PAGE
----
Herald education writer speaks to Mak Muranović, a Sarajevo tour guide teaching visitors about the history of his city, the truth about genocide, and the power of art.

You were a child when the Siege of Sarajevo started, but spent much of your early life away from the city. Can you tell us a little about your experiences?

I was two years old when the Siege of Sarajevo started. My brother was eleven and my parents were 39 years old. Not just our family, but the whole society in Sarajevo, didn’t think the war would start because we were living for 74 years together with a mix of nations, but unfortunately it started on the 6th of April 1992. Me and my family were stuck in the siege. My father had to immediately join the army because he was more than 16 and a male while me, my mum and brother were hiding in the basement of our building. My father also had to go every second day with his bicycle from one side of the city to another and to cross sniper alley in order to get water for us from the local brewery. That’s why my brother has some PTSD – he was always watching his father going for water and didn’t know if he was going to come back. Two months after the Siege of Sarajevo started, me, my mum and my brother were able to escape with the convoys of buses that were going out. We travelled to Kaštel Gomilica, which is 30-40km from Split in Croatia, and then I stayed for one month in a refugee camp. Later on I was smuggled by my cousins into Switzerland, to a city called Neuchâtel, where I stayed for six years. After we came back from Switzerland my parents divorced because my father had really serious PTSD, so in the end I saw my father for just seven days after the war.

What was it like to come back to Sarajevo after all of that?

We came back three years after the war, in 1998. Two people were living in our flat and our bedroom was completely bombed from a grenade. I continued with the third year of primary school. We didn’t have any heating or anything. Still there were clashes between the different ethnicities, because I used to live on the main line that divides the two entities [Federation Bosnia and Herzegovina and Republika Srpska] in Sarajevo and it was a really tough time. We had a small hill where in winter the kids would go there with the slides – one day we came and there were three bombs there, probably by some of the Bosnian Serbs, so you could see the results of the war even in 1998.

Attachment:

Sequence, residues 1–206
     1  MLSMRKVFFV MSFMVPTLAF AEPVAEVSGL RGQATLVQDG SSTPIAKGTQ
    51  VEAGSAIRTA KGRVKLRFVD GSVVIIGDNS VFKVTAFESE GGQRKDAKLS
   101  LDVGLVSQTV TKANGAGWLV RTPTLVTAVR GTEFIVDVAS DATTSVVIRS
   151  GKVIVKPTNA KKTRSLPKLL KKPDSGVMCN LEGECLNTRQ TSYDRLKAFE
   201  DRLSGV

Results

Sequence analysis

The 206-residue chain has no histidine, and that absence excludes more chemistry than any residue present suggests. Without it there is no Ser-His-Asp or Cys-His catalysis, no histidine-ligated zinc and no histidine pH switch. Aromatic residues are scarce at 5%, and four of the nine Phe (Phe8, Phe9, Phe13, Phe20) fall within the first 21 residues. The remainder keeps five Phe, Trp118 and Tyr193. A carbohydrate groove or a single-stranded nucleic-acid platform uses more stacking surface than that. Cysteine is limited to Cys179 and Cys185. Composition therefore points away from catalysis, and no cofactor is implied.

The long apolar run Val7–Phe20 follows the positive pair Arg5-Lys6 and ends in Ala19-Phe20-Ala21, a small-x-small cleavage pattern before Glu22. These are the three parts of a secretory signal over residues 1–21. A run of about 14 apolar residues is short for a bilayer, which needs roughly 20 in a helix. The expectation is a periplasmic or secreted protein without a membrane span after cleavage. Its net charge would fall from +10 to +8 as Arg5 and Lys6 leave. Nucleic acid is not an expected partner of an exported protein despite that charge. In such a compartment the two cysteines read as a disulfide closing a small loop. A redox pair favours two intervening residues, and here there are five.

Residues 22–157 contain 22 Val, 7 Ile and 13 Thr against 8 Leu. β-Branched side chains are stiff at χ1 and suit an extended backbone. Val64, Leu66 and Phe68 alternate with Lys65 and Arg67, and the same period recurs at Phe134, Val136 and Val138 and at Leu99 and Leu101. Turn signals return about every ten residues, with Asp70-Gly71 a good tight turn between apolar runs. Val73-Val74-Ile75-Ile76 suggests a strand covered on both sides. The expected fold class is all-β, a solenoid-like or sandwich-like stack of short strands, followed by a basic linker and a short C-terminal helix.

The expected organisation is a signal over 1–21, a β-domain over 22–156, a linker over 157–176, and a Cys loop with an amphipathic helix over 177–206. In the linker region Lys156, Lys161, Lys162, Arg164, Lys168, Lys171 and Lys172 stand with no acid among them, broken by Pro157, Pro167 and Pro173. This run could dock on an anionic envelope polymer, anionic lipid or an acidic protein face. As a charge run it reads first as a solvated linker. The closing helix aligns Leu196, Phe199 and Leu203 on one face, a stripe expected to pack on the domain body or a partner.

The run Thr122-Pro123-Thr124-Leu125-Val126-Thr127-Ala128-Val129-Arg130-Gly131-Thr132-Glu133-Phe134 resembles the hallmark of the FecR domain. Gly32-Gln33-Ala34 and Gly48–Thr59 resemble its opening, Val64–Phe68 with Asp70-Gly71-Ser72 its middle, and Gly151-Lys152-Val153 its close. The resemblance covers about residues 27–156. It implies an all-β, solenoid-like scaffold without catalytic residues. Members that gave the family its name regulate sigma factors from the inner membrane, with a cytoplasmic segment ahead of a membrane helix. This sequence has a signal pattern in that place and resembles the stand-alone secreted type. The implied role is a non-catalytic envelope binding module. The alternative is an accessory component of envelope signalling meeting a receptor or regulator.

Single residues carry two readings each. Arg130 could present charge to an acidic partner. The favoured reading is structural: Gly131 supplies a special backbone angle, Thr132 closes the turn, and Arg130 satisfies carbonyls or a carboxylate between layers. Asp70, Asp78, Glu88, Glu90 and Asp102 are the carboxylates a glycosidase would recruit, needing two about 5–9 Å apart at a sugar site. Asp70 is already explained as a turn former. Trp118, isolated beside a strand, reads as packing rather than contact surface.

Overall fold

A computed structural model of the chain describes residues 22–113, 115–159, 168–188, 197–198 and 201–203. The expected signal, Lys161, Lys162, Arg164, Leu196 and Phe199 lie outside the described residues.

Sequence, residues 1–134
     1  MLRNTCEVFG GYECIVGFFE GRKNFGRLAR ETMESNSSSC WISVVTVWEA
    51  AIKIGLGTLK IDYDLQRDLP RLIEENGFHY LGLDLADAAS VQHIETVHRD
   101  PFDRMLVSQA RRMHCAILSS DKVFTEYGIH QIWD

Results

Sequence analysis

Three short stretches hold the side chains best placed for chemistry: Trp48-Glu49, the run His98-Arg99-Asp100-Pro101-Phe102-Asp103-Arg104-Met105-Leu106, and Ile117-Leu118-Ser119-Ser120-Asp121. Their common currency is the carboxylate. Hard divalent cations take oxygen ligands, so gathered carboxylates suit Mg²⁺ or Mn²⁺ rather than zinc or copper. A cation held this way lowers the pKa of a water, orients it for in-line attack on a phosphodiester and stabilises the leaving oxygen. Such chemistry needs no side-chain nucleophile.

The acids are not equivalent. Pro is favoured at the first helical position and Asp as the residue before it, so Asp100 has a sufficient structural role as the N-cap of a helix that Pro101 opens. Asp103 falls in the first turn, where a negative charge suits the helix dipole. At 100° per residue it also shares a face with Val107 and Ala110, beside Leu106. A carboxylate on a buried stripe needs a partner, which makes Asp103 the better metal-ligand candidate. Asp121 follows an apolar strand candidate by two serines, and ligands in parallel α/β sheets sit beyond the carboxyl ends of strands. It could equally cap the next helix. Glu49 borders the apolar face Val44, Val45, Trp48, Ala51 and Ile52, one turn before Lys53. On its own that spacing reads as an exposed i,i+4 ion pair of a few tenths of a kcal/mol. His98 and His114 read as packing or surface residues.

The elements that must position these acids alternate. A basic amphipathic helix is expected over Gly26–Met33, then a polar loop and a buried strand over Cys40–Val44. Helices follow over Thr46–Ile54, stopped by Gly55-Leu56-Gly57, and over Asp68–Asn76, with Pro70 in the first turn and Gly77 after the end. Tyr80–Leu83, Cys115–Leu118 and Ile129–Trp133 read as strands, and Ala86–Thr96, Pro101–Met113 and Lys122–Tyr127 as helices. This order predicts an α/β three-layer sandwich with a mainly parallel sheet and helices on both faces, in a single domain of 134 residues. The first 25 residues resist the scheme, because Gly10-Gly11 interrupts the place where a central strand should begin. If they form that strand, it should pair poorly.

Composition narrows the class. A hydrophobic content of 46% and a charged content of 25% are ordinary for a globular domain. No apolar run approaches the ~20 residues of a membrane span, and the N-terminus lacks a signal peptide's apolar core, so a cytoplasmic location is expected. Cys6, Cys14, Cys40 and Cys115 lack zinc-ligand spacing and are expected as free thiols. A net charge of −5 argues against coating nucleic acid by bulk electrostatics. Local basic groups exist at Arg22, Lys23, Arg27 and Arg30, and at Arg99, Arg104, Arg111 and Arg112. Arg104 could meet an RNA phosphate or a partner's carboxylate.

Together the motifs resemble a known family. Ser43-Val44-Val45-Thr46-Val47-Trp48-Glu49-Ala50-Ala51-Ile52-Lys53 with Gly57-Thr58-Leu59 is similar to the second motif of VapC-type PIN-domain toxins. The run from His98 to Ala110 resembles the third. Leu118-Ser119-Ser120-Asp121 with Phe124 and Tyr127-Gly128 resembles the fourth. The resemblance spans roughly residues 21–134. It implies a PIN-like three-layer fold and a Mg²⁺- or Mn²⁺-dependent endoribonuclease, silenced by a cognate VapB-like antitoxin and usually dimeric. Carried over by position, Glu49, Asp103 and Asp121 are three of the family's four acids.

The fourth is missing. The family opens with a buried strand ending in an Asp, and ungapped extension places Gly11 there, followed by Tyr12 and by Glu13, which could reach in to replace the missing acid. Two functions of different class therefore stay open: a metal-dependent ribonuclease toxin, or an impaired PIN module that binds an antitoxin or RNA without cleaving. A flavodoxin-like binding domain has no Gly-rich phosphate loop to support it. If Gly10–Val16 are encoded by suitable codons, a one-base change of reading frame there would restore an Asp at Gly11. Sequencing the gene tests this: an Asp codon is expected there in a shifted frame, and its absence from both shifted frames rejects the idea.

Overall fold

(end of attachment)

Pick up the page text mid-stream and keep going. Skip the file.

Read more: Bosnian genocide: Srebrenica massacre survivors speak out

You own and operate a tour guiding company for visitors to Sarajevo. Clearly there are many visitors who want to learn about the history of the war, even if they are on holiday. Why do you think it’s important to teach them?

Yes, I own a touring company that has been operating for the last five years, since 2018, named Art & Tours Sarajevo. I was the founder of the company. It is extremely important to include the Roses of Sarajevo tour, which is a war tour, a siege tour, of 1992-1995, and of course including the Tunnel of Hope museum, because the tunnel is the best representation of the city, and it is a message that has to be shared all around the world: that people were stuck in a siege and actually managed to find a solution in order to save themselves. Srebrenica is even more important because the international community was watching and saying that it would be a safe zone, but in the end they just gave people into the hands of the enemy, who killed 8372 men. In order to not repeat that we are trying to share the message and bring people to this place. In my opinion it should be studied in all educational systems as the biggest and bloodiest massacre in Europe after the Second World War.

Read more: War Childhood Museum in Sarajevo: What it can teach us

Your company does more than war tours, which is made clear by the name – Art and Tours Sarajevo. What is the idea behind that dual focus?

It was on purpose that I called it Art and Tours Sarajevo, not Sarajevo Tours, or Info Tours or anything like that, because I was trying to do something positive – to put some colour into this dark history that we have. Our main source of tourism is war tourism and of course when we do the tours we have to connect the history, but we are also trying to connect the art with that history, and to say that the art did not die during the time of the war: it was still alive. I think it’s really important because when people come to Sarajevo for a vacation you can’t just bomb them with all of this dark history. We are also trying to remember our oldest art, which is copper art, connecting with the different empires ruling here throughout history. We are all local artists and we are also trying to highlight many murals with big political messages or historical messages about our country and our city. In all this darkness we are trying to bring some colour.